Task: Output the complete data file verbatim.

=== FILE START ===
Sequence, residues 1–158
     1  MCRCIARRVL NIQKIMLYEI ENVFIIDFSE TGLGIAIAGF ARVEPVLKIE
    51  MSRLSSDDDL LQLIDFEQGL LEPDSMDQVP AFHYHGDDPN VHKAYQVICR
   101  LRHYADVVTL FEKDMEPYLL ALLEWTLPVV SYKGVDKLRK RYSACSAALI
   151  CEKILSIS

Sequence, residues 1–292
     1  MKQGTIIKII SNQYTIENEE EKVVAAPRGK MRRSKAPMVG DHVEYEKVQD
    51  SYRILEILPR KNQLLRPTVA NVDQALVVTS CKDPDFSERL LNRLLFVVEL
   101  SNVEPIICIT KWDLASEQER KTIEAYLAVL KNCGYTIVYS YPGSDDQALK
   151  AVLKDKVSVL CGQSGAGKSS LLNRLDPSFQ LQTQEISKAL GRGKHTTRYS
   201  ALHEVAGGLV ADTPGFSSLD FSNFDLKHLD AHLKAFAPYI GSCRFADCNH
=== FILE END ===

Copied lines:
Sequence, residues 1–158
     1  MCRCIARRVL NIQKIMLYEI ENVFIIDFSE TGLGIAIAGF ARVEPVLKIE
    51  MSRLSSDDDL LQLIDFEQGL LEPDSMDQVP AFHYHGDDPN VHKAYQVICR
   101  LRHYADVVTL FEKDMEPYLL ALLEWTLPVV SYKGVDKLRK RYSACSAALI
   151  CEKILSIS

Sequence, residues 1–292
     1  MKQGTIIKII SNQYTIENEE EKVVAAPRGK MRRSKAPMVG DHVEYEKVQD
    51  SYRILEILPR KNQLLRPTVA NVDQALVVTS CKDPDFSERL LNRLLFVVEL
   101  SNVEPIICIT KWDLASEQER KTIEAYLAVL KNCGYTIVYS YPGSDDQALK
   151  AVLKDKVSVL CGQSGAGKSS LLNRLDPSFQ LQTQEISKAL GRGKHTTRYS
   201  ALHEVAGGLV ADTPGFSSLD FSNFDLKHLD AHLKAFAPYI GSCRFADCNH